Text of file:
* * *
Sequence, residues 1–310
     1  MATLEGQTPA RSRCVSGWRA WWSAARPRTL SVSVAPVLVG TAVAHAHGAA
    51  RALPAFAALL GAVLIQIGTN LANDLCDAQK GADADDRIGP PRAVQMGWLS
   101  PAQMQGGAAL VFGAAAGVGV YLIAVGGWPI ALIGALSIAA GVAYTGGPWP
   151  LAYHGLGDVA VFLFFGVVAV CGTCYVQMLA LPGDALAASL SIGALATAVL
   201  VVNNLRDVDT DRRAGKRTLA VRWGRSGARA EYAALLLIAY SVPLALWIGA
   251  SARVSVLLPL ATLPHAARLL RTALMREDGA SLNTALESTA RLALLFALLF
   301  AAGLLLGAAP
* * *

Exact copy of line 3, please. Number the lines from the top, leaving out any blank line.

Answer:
    51  RALPAFAALL GAVLIQIGTN LANDLCDAQK GADADDRIGP PRAVQMGWLS